While there exists a cover for an issue 2 featuring Clark Kent/Superman and there was an ad for a “coming soon” DC Digest comic, DC almost immediately lost the rights. But they have resurfaced at American Mythology and we get another look at the 1972 first and only Laurel and Hardy comic DC produced. Much like their Three Stooges series of comics, Laurel and Hardy seem to be the next old school comedy team to be making a come back. With this companion issue to their Laurel and Hardy meet the Three Stooges book, American Mythology is one issue further than DC ever got! See what we were all reading in 1972! It was a more simpler time. I give it 10 out of 10 Grahams.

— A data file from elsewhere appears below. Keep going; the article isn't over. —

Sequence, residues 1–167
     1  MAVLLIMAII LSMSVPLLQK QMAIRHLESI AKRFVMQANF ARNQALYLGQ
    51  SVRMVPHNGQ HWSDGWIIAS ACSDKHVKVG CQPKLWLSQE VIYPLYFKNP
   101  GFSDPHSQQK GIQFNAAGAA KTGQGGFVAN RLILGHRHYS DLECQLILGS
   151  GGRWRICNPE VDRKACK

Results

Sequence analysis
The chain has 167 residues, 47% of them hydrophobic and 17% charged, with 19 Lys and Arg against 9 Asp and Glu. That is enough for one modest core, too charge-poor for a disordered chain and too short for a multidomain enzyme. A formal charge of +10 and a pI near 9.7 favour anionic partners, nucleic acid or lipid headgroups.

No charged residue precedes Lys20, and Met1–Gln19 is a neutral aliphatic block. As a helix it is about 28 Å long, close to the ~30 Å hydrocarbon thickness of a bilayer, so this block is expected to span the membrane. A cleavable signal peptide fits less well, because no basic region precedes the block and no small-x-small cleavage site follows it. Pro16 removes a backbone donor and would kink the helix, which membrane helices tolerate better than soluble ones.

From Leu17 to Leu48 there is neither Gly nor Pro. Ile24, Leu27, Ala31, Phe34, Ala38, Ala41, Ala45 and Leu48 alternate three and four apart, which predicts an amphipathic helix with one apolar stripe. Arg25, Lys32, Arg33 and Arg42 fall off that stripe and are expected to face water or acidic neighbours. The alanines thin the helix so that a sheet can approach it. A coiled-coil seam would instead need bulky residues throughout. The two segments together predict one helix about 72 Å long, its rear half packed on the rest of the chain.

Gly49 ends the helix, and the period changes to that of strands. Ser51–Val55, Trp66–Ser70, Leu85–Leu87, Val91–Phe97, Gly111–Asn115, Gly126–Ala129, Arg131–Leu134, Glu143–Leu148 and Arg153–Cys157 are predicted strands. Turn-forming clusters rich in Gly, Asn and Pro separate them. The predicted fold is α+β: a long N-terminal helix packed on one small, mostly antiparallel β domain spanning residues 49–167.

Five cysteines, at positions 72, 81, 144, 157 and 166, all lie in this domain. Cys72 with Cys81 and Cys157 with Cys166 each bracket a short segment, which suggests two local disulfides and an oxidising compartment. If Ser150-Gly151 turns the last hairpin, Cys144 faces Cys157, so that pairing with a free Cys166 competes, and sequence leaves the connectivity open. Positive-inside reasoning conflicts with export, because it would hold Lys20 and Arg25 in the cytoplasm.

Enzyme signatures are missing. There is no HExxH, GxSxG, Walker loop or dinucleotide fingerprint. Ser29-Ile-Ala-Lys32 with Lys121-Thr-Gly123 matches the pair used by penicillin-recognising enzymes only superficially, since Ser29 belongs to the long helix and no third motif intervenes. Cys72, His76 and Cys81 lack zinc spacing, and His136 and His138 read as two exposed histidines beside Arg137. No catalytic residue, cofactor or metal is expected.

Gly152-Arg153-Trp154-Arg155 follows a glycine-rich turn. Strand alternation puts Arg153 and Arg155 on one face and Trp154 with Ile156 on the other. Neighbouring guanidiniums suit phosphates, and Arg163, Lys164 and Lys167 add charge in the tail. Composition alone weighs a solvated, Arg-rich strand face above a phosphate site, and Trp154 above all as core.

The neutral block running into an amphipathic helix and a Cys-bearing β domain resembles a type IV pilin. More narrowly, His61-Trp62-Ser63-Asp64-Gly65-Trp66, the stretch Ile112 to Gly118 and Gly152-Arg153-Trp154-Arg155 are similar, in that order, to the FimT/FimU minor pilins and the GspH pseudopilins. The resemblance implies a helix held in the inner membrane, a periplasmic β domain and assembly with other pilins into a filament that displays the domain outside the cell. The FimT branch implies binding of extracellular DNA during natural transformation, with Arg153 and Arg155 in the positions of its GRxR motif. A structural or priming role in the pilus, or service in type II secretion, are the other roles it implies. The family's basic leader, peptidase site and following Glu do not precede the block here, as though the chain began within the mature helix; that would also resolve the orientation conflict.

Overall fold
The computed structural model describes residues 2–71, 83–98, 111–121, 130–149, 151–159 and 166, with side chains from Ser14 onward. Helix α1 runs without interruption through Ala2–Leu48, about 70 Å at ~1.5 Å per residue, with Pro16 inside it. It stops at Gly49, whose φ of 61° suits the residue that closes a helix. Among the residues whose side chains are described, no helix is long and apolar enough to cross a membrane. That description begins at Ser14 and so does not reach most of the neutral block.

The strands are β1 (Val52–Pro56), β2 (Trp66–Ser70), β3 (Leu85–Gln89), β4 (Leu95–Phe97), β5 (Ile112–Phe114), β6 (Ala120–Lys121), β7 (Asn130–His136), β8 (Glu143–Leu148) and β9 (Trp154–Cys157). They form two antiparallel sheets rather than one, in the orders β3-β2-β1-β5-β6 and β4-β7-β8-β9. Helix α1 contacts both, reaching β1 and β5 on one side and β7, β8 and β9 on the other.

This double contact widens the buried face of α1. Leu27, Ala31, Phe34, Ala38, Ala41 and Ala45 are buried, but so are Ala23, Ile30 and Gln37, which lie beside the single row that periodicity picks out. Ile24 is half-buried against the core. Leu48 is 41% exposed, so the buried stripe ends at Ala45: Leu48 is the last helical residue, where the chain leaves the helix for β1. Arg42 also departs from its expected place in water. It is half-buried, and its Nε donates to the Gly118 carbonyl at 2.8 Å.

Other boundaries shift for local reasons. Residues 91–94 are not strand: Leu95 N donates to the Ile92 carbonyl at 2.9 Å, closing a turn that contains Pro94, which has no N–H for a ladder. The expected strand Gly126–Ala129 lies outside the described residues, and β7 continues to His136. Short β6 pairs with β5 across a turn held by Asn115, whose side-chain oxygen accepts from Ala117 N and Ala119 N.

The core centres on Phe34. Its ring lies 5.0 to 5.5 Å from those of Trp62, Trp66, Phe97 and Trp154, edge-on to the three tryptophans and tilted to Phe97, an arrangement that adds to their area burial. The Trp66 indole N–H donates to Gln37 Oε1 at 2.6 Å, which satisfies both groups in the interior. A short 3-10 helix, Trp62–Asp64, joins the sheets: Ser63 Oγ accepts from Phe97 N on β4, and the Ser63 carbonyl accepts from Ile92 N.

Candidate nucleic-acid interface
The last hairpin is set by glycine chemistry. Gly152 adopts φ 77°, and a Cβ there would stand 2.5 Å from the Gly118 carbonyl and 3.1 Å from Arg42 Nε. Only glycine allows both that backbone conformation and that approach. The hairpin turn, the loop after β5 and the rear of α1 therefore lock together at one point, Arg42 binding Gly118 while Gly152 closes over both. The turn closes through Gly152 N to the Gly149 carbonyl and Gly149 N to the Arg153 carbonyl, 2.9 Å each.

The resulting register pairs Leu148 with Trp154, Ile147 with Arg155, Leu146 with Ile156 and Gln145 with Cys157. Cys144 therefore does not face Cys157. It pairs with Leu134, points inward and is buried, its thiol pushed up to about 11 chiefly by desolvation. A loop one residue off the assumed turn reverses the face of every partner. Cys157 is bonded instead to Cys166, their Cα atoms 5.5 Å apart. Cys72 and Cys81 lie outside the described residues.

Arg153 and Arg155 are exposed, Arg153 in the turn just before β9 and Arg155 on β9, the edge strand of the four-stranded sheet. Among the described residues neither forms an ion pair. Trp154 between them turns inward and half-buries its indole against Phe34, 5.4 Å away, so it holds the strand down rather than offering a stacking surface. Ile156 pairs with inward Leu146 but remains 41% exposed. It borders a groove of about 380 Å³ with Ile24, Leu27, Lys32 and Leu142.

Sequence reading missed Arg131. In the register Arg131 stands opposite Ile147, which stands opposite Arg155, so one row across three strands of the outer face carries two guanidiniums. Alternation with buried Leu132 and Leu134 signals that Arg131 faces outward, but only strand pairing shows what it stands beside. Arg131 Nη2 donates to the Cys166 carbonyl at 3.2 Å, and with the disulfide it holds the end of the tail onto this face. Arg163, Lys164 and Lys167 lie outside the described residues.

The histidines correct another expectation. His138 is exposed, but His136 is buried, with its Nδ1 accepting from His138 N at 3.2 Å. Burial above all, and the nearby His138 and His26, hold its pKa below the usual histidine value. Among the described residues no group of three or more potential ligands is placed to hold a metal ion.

FINALLY! Somebody gets it! Even if this is a way to keep a title copywrite and throw an extra title into their 100 page series, the folks at DC have finally taken my advise. (Probably not but at least someone on their end has come up with the same ideas I’ve been spouting ever since they started this 100 page Giant theme.) From Beyond the Unknown brings together a wonderful mix of classic stories with new materials and it’s nothing you would have expected. Starting off with a new Green Lantern tale by Dave Wielgosz and Kenneth Rocafort. Follow that up with a new tale of Jack Kirby’s Kamandi, the Last Boy on Earth by Tom Sniegoski and Eric Gapstur. Then be prepared for a new tale featuring the 1970’s-1980’s version of the Legion of Super-Heroes! With Dan Jurgens and Norm Rapmund at the helm, Dawnstar has never looked more statuesque, the Legion Espionage Squad has never been sneakier, and Brainiac 5 has never looked smarter. This IS my Legion! Then give me a back to back team-up extravaganza featuring Superman and Adam Strange from the pages of DC Comics Presents #3 (1978) and Batman and the Metal Men from Brave and the Bold #113 (1974) featuring such comic icons as Bob Haney, Jim Aparo, David Michelinie, and Jose Luis Garcia-Lopez! Then end it on a brief tale of the Green Lantern Corps by Alan Moore, Bill Willingham, and Terry Austin. The 100 Page Giant series has reached it’s full potential! (Still taking partial credit until I get a cease and desist letter from DC. Smiley Face Emoji!) I give it the first ever 10+ Grahams!